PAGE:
Quote:
Originally Posted by Sindri View Post
Sure, you can do a lot. Not quite "let's just slap some gold on the thing" though I think..
Don't think anyone has said that have they? Also you haven't addressed the point.



Quote:
Originally Posted by Sindri View Post
I'm just responding in this regard. For this thread I'm interested in mechanical differentiation.
OK, but since the end result is the same, your going to have to come up with some reason whey weellocks are seen as specifically more worth of status.

As I and if you want to marry it to clockwork, I'd go with added functionality / automation


Quote:
Originally Posted by Sindri View Post
What's being talked about is how noble gear is defined. You can slap a ton of decorations on a spear, but you could also take the intrinsically more expensive sword and throw decorations on it.
Yes that fine, it basically value adding. But the point is the inherent Flinlock/wheellock = spear/sword metaphor is flawed because the wheel lock really wasn't that distinct from the flint lock in either form, function or perceived status. Flint and wheel mechanisms were really just means to an end with no real inherent value attached to them other than how they achieved that end.

I think the point is you want it to be so simple because it involved clockwork. and that fine (you've already said your setting up your society to inherently see that as a draw), but you really can't use real life to model that, because in real life it wasn't the case in that context.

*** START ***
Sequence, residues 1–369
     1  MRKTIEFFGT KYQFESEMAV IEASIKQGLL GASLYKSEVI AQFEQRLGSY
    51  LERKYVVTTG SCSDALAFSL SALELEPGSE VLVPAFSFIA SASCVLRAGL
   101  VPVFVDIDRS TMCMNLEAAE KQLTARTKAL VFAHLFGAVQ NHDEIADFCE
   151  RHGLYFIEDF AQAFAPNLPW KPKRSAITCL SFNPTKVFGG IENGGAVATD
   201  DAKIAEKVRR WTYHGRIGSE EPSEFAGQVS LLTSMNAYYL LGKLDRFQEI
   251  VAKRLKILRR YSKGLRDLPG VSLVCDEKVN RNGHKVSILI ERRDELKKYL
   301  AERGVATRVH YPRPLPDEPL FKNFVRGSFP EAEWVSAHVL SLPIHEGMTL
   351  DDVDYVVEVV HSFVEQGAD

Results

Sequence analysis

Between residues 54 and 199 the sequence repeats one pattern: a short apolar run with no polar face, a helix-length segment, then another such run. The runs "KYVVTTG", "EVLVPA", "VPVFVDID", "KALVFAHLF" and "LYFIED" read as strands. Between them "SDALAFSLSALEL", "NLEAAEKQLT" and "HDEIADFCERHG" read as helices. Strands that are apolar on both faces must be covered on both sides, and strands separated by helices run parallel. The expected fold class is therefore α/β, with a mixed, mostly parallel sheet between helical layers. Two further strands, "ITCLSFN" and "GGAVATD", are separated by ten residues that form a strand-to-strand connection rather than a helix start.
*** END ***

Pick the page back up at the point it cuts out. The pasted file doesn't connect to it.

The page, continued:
Quote:
Originally Posted by Sindri View Post
However proportionality doesn't actually matter. All that matters is relative impressiveness. Otherwise people wouldn't add on minor additional decorations to something that already looks nice.
That again assumes that the wheel lock is some how more inherently more relatively impressive than a a flint lock, and again if that's your set up fine, but don't go looking for that in RL examples because it doesn't seem to have been the case in RL.

But TBH I don't actually get your point as the post I was responding to was talking about difference in mechanism costs.

Also if nothing else you still get decoration because it will just become another vector to impress by (its just it will all be wheel locks), unless you having a society that inherently values the wheel lock and is not interested in decoration at all.
Tomsdad is offline   Reply With Quote
Reply

Tags
low tech, low-tech

Thread Tools
Display Modes

Posting Rules
You may not post new threads
You may not post replies
You may not post attachments
You may not edit your posts

BB code is On
Fnords are Off
[IMG] code is Off
HTML code is Off

Forum Jump


All times are GMT -6. The time now is 08:07 PM.


Powered by vBulletin® Version 3.8.9
Copyright ©2000 - 2021, vBulletin Solutions, Inc.